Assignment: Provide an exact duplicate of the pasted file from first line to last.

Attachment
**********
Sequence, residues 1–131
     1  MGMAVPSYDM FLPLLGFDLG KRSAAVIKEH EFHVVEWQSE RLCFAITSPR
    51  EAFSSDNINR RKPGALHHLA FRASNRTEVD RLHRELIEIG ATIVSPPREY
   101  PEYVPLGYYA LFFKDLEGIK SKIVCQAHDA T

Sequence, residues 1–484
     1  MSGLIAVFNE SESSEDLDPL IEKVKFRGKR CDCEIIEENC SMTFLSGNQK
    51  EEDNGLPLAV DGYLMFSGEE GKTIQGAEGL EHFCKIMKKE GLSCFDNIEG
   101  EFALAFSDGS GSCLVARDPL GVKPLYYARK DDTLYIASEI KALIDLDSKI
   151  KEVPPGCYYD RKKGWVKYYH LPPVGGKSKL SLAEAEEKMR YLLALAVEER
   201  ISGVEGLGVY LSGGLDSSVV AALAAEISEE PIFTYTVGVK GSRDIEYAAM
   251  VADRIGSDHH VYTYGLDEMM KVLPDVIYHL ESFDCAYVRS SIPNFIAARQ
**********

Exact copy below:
Sequence, residues 1–131
     1  MGMAVPSYDM FLPLLGFDLG KRSAAVIKEH EFHVVEWQSE RLCFAITSPR
    51  EAFSSDNINR RKPGALHHLA FRASNRTEVD RLHRELIEIG ATIVSPPREY
   101  PEYVPLGYYA LFFKDLEGIK SKIVCQAHDA T

Sequence, residues 1–484
     1  MSGLIAVFNE SESSEDLDPL IEKVKFRGKR CDCEIIEENC SMTFLSGNQK
    51  EEDNGLPLAV DGYLMFSGEE GKTIQGAEGL EHFCKIMKKE GLSCFDNIEG
   101  EFALAFSDGS GSCLVARDPL GVKPLYYARK DDTLYIASEI KALIDLDSKI
   151  KEVPPGCYYD RKKGWVKYYH LPPVGGKSKL SLAEAEEKMR YLLALAVEER
   201  ISGVEGLGVY LSGGLDSSVV AALAAEISEE PIFTYTVGVK GSRDIEYAAM
   251  VADRIGSDHH VYTYGLDEMM KVLPDVIYHL ESFDCAYVRS SIPNFIAARQ